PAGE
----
Want to see some nifty fluid applications measured in drops rather than gallons? Visit www.amtec.com/contours/issue17/pom.html to see Amtec's Plot of the Month using the companies Tecplot data plotting and visualization software. Recent visualizations have included an animation of fluid flow carrying DNA through a microchip reaction chamber. The chamber has several 20-micron diameter pillars to increase surface area available for "probe" molecules bound to the chamber surface. This plot came from Coventor, a Cary, NC-based provider of MEMS design tools. Other Coventor images include a programmable electric-potential fluid processor for droplets and a microfluidic mixer for mixing reagents on a biochip.
Robots that walk have come a long way from simple barebones walking machines or pairs of legs without an upper body and head. Much of the research these days focuses on making more humanoid robots. But they are not all created equal.
The IEEE Computer Society has named the top 10 trends for 2014. You can expect the convergence of cloud computing and mobile devices, advances in health care data and devices, as well as privacy issues in social media to make the headlines. And 3D printing came out of nowhere to make a big splash.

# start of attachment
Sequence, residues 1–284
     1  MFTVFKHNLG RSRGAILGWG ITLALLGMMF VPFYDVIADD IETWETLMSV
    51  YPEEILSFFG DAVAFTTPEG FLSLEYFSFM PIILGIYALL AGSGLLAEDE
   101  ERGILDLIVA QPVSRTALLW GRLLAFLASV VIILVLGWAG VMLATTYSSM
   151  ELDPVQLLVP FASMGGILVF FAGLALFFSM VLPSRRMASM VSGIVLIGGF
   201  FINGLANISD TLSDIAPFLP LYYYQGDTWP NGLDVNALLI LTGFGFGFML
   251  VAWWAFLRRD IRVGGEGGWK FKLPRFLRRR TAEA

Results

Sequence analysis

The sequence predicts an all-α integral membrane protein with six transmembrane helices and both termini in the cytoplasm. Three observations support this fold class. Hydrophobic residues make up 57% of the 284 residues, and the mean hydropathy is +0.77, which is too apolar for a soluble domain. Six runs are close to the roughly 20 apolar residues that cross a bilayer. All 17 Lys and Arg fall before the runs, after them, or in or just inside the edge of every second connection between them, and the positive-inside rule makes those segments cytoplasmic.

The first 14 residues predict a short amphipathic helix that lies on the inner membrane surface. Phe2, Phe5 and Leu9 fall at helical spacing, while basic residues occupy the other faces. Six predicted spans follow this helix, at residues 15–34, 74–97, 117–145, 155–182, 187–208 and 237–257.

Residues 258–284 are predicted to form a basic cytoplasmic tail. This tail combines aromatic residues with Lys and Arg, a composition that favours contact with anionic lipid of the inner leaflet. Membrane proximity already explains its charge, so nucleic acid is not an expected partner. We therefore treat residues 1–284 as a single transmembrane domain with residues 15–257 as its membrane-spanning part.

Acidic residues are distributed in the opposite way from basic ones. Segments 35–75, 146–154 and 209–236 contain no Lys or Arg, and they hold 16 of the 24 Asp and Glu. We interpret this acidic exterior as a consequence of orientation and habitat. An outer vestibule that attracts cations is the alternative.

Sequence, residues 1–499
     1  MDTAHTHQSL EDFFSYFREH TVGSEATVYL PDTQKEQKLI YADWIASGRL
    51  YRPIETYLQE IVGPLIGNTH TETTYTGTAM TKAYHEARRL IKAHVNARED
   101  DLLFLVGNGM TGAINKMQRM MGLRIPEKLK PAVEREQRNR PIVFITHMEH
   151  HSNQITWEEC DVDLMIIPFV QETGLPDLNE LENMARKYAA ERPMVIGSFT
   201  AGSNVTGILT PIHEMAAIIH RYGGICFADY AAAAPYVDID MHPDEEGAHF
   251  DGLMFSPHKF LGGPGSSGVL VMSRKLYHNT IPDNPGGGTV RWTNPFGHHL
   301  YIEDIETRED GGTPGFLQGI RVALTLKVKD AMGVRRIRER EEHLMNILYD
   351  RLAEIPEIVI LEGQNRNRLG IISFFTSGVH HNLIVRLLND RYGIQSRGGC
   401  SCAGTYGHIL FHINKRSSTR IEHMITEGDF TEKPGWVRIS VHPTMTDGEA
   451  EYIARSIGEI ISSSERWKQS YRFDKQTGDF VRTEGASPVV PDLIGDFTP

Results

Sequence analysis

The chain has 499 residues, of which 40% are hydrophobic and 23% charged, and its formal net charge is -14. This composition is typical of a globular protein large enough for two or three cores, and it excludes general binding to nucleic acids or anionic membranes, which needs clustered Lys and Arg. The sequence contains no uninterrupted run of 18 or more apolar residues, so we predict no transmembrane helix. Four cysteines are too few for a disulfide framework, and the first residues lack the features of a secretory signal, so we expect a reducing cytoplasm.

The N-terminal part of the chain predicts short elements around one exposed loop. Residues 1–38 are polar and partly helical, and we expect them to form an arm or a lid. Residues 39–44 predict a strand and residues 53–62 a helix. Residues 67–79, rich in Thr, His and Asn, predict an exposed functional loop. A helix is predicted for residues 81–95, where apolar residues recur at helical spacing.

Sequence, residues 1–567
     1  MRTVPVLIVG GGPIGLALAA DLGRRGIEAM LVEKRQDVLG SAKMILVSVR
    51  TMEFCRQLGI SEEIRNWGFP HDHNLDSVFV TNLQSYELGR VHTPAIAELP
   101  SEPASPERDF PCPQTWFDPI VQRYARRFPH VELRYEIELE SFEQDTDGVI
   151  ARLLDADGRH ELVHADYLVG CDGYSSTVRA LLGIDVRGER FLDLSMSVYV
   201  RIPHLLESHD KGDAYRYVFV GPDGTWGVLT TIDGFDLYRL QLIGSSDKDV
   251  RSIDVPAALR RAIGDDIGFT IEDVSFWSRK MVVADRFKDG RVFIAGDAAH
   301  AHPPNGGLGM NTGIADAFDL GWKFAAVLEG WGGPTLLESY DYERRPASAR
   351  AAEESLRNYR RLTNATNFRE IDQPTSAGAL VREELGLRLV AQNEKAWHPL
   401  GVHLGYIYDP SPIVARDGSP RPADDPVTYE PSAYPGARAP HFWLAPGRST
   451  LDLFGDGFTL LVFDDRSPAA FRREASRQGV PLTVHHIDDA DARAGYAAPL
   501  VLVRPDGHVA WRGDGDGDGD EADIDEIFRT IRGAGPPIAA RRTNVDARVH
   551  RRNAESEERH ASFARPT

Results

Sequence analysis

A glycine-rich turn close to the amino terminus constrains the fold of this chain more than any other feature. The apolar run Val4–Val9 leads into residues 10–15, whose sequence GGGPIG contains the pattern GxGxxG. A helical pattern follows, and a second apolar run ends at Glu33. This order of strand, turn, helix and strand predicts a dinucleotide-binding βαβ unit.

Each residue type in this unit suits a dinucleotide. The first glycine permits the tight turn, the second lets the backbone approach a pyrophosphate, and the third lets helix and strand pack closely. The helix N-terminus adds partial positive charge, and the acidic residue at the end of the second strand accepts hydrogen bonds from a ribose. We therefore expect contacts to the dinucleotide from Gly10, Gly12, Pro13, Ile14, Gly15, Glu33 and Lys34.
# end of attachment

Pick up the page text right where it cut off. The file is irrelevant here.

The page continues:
For industrial control applications, or even a simple assembly line, that machine can go almost 24/7 without a break. But what happens when the task is a little more complex? That’s where the “smart” machine would come in. The smart machine is one that has some simple (or complex in some cases) processing capability to be able to adapt to changing conditions. Such machines are suited for a host of applications, including automotive, aerospace, defense, medical, computers and electronics, telecommunications, consumer goods, and so on. This discussion will examine what’s possible with smart machines, and what tradeoffs need to be made to implement such a solution.